What we can all Learn from Athens: documenta 14

This summer I visited documenta 14 in Athens. It was the first year this influential art fair extended beyond the boundaries of Kassel to include Greece. I felt especially lucky that it coincided my first trip back since I moved to New York. The famous quinquennial art fair this year, regardless of how highly anticipated it is every time, is still causing a stir in the art world particularly after the economic mishandlings that were recently aired. Nonetheless, it was, yet again, a remarkable cultural event and the fact that it crossed borders and connected with Greece created extra space for contemplating worldwide socio-economic issues and the vital role that art plays in the global as well as local dialogues on such matters.
During the past years of the European economic crisis, there has admittedly been tension in the political relations between Germany and Greece. documenta is known as a pioneer in the art field encouraging artists to submit work that directly addresses current political and socio-economic issues. documenta 14, by connecting Kassel and Athens, created an interesting portal for cultural exchange between the two cities and countries while simultaneously opening it up to the public who attended.
Since its founding by Arnold Bode in 1955 documenta exhibitions are interactive requiring the attendees to travel, walk, and seek out the artworks within the city(ies) it takes place in. In the Athens edition of documenta 14, exhibits were sprinkled all around the city center, as well as Piraeus including both outdoor locations as much as indoor museum and gallery venues. Many of the artworks, not surprisingly, were performance works and ones that encouraged the participation of the viewer. All works addressed the social problems created by the economic and immigration crisis directly. Some, especially the interactive ones, emphasized the need for communication between people as much as they recontextualized the basic values of humanism and equality.
What I was fascinated by the most, however, was the connection documenta 14 created between many diverse art institutions within Athens. Aside from the EMST and the various outdoor sites (like Kotzia Square and Filopappou Hill), shows and works could be seen, even within the span of a single day, at places as diverse as the Benaki Museum, the Numismatic Museum, the Byzantine Museum and even the Odeion. While they are all art institutions, each focuses on and represents different historical periods of Greek artistic production. The institutional diversity not only accentuated the interactivity between works, the city, and viewers but seemed to create a context to view art that transcended historical timelines. Contemporary art intermingled with Athens’ rich historical past both conceptually (by how they were exhibited) and by location, being housed in deeply historic buildings belonging to equally historic institutions. These are all museums and locations that highlight different historical periods of Greek artistic production. This variety of venues scattered all around Athens also created the unique opportunity to truly and deeply experience the city and understand the current as well as historical context of its cultural production. This must have additionally put the works from the EMST collection that traveled to a Kassel in a better context for the viewer who visited both locations.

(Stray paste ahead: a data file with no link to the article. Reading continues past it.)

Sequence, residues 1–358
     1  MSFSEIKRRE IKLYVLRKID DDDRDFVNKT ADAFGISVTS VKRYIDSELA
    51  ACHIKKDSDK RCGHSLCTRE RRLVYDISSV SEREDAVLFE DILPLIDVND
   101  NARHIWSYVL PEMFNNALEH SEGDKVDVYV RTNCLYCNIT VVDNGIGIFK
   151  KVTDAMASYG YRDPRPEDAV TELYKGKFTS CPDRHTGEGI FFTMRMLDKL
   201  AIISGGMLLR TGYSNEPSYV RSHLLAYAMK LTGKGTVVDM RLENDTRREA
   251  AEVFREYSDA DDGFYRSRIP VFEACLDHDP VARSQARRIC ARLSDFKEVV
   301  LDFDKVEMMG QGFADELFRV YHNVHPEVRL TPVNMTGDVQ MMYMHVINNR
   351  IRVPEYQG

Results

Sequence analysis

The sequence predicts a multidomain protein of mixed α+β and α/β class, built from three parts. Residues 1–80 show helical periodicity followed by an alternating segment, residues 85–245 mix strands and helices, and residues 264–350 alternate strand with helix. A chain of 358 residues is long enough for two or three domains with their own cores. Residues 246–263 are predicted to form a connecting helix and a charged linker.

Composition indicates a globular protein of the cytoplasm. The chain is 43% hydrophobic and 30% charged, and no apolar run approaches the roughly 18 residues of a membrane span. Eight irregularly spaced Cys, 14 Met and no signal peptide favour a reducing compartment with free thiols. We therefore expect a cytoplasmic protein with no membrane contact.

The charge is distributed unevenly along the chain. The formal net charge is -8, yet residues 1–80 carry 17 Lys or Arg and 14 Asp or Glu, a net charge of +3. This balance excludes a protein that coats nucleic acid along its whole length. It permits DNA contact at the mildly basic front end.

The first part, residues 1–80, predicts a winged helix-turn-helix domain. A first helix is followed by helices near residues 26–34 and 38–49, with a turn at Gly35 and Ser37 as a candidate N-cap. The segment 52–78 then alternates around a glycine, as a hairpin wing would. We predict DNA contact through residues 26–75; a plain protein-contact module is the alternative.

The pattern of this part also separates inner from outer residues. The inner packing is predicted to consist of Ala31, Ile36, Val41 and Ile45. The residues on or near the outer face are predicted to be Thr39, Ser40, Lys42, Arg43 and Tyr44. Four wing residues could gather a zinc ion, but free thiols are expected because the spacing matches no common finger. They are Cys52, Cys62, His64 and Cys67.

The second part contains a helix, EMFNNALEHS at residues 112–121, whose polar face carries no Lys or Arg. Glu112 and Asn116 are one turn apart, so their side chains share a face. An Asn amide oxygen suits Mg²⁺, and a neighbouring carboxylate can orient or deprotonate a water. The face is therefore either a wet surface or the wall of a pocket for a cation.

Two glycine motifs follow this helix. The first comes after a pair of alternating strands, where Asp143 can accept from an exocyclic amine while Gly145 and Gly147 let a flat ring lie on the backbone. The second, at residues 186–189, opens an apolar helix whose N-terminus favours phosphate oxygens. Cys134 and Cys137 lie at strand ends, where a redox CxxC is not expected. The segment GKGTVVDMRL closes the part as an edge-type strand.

Interestingly, for each person, the experience could be wholly different. The path, venues, and works each visitor chose to see, as well as the people they interacted with along the way, were vital factors in making their experience unique. Yet, all experiences were united under the umbrella of documenta 14, something that can be reflected in how the differences and similarities between Kassel and Athens were united for this event.
documenta 14 may have generated a lot of discussions (positive and negative) regarding its impact on the contemporary art scene of Athens and Greece overall, yet, my opinions generally tend towards the positive spectrum. I would like to simply note that Athens’ creative and bustling art world, generally unknown to most outside the Greek art sphere, was undoubtedly given an invigorating breath of life regardless of how long one might try to forecast it will last. It brought Greek contemporary art production, even if for a while, back into the universal cultural dialogue alongside other European countries. Perhaps it is counterproductive to attempt to forecast the extent and duration of the effects of documenta 14 on the Greek art scene. Instead, it is far more efficient to see these discussions as another means to create further momentum in keeping Greek artists known and relevant. Because the truth of the matter is, Greece altogether has an active art world that extends far beyond the country’s ancient history. Contemporary art is rich in ideas and ideals related to political, social, and economic matters that are current and relevant on a worldwide scale. Instead of worrying how long foreign attention may or may not last, and whether or not documenta 14 created the opening needed to finally create awareness around Greek contemporary art outside the country’s own realm, more work can be done to maintain that opening and even widen it.

emst 2
Shot from the EMST, Athens, Greece. documenta 14, 2017.


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